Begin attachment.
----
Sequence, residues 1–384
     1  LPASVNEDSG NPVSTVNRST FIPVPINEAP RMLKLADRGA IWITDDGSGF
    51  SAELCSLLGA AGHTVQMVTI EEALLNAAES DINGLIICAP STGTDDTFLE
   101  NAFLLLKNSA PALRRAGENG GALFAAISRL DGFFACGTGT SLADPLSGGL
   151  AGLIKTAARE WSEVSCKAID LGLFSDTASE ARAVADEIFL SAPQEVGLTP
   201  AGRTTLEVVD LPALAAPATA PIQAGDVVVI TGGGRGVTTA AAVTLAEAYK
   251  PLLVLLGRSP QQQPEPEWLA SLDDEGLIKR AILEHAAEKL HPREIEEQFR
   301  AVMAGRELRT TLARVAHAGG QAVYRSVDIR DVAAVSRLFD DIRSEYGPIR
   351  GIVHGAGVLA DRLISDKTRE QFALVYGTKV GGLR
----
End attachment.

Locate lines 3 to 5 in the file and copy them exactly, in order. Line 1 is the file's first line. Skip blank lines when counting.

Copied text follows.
    51  SAELCSLLGA AGHTVQMVTI EEALLNAAES DINGLIICAP STGTDDTFLE
   101  NAFLLLKNSA PALRRAGENG GALFAAISRL DGFFACGTGT SLADPLSGGL
   151  AGLIKTAARE WSEVSCKAID LGLFSDTASE ARAVADEIFL SAPQEVGLTP